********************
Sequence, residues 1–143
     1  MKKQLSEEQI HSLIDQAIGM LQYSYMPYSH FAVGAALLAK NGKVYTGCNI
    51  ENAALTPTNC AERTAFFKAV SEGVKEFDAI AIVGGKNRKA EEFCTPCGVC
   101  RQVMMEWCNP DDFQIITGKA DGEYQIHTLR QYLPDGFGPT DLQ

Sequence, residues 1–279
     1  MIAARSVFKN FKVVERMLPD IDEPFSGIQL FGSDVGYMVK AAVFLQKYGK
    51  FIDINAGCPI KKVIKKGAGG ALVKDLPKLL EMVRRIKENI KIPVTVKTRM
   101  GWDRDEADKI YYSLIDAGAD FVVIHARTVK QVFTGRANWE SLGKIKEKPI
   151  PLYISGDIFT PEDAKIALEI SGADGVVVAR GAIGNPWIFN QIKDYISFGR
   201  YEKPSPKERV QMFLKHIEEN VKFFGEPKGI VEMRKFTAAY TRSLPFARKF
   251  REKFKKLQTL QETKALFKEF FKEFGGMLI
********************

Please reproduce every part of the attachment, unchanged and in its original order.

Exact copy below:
Sequence, residues 1–143
     1  MKKQLSEEQI HSLIDQAIGM LQYSYMPYSH FAVGAALLAK NGKVYTGCNI
    51  ENAALTPTNC AERTAFFKAV SEGVKEFDAI AIVGGKNRKA EEFCTPCGVC
   101  RQVMMEWCNP DDFQIITGKA DGEYQIHTLR QYLPDGFGPT DLQ

Sequence, residues 1–279
     1  MIAARSVFKN FKVVERMLPD IDEPFSGIQL FGSDVGYMVK AAVFLQKYGK
    51  FIDINAGCPI KKVIKKGAGG ALVKDLPKLL EMVRRIKENI KIPVTVKTRM
   101  GWDRDEADKI YYSLIDAGAD FVVIHARTVK QVFTGRANWE SLGKIKEKPI
   151  PLYISGDIFT PEDAKIALEI SGADGVVVAR GAIGNPWIFN QIKDYISFGR
   201  YEKPSPKERV QMFLKHIEEN VKFFGEPKGI VEMRKFTAAY TRSLPFARKF
   251  REKFKKLQTL QETKALFKEF FKEFGGMLI